Children have a certain set of basic needs. If they are met, then the mind remains free. Unmet needs often lead to fear and frustration. They in turn lead to withdrawal and aggression. How often do we see young children who are exuberant and joyful in a quiet way? They are mostly either withdrawn or boisterous and aggressive. Don't we see more aggressive kids these days than we used to? Many of us brush it off as ‘some inexplicable phenomenon’. But the fact is that the present day urban lifestyle is designed to breed frustration, and hence aggression. I notice that girls are usually withdrawn and whiny, and boys boisterous and aggressive. May be due to a combination of biological and cultural reasons!

What are children’s ‘real needs’? How are they going unmet? How can they be met?

Warning: Agreeing to undertake this journey from this point on would need us adults to start looking into ourselves, our ideas, beliefs and priorities in life, be willing to unlearn many things. Many times, we would need to be willing to look to our children to lead the way for us. As we understand the following needs of our children, we will begin to slowly realize that most of them are actually our basic needs as adults too. We will also begin to realize how these needs were very often unmet when we were children, and how much pain it has caused us unconsciously.

But the good news is that if we really understood children’s needs, we can make way for our children to inspire us and help us get in touch with and heal from this pain in ourselves. As parents who are already on the path led by our daughter, we can assure you that it has been absolutely fascinating and rewarding! Very intense, nevertheless.

Before moving on to understanding children and their needs, I’d like to share how we see our daughter and all children in general. Isha is really a spirit that has come seeking bodily experience, and not a body seeking spiritual experience. She has come seeking a unique set of experiences, to learn a unique set of lessons in order to fulfill a unique life purpose. Like every other child has. So, she has come with a certain inner knowing about what these are. Though there are some basic needs common to all children (which we, as parents, have some control over), needs also vary from one child to another based on the kind of life experience they have come here seeking (which we may not have control over). But what we can do effectively is to prevent things from disconnecting her from her inner knowing, not add noise to her life and head.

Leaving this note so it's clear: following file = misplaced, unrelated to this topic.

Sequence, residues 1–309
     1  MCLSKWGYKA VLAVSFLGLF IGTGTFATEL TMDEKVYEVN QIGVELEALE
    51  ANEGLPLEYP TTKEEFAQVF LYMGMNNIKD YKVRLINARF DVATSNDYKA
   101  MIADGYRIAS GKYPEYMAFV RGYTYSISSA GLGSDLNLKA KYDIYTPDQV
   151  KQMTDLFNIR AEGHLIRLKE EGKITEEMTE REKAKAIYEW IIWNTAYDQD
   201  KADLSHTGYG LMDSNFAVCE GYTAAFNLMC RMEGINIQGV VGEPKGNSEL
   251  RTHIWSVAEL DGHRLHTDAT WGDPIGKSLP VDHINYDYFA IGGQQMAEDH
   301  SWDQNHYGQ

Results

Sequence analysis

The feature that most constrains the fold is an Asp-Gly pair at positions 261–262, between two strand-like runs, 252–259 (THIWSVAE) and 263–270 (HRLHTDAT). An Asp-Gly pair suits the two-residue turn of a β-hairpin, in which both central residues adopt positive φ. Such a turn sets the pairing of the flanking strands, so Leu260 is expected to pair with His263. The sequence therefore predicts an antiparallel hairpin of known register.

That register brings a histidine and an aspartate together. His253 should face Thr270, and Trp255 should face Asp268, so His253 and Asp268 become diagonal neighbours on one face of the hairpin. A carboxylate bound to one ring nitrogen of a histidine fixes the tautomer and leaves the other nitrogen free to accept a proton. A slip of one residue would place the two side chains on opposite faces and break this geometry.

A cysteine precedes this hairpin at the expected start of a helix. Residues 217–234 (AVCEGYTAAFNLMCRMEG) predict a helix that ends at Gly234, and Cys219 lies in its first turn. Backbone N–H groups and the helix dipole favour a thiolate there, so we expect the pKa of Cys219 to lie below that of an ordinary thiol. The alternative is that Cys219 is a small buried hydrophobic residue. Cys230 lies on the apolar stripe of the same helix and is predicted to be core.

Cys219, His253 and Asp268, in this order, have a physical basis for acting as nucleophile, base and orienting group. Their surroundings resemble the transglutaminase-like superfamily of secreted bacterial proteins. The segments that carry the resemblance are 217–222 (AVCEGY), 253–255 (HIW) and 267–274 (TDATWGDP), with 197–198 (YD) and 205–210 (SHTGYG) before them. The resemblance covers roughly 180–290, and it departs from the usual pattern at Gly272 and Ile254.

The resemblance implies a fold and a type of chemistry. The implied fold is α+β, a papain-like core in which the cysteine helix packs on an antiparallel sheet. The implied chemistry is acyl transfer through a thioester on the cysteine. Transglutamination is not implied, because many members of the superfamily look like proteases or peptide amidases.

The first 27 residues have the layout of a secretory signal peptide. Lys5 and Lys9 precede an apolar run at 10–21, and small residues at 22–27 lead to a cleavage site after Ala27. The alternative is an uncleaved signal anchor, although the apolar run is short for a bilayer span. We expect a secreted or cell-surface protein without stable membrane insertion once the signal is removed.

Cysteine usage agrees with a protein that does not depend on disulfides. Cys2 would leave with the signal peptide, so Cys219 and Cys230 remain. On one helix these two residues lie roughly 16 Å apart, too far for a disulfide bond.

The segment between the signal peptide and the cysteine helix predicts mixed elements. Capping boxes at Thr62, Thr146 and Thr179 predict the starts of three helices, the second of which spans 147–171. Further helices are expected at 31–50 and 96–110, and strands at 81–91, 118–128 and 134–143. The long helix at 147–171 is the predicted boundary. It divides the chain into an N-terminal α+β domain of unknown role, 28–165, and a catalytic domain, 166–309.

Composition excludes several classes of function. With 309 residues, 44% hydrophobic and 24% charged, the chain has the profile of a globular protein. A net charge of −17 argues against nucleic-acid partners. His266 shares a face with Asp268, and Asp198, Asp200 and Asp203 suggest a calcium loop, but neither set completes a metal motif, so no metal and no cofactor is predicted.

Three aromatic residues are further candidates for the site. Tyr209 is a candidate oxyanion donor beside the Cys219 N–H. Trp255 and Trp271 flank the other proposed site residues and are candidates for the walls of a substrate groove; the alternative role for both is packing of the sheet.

Before proceeding any further, I'd like for us to read Kahlil Gibran's words on 'Children'. It is a beautiful passage that I begin many of my days with!
Your children are not your children.
They are the sons and daughters of Life's longing for itself.
They come through you but not from you,
And though they are with you yet they belong not to you.

You may give them your love but not your thoughts,
For they have their own thoughts.
You may house their bodies but not their souls,
For their souls dwell in the house of tomorrow,
which you cannot visit, not even in your dreams.
You may strive to be like them,
but seek not to make them like you.
For life goes not backward nor tarries with yesterday.

You are the bows from which your children
as living arrows are sent forth.
The archer sees the mark upon the path of the infinite,
and He bends you with His might
that His arrows may go swift and far.
Let your bending in the archer's hand be for gladness;
For even as He loves the arrow that flies,
so He loves also the bow that is stable.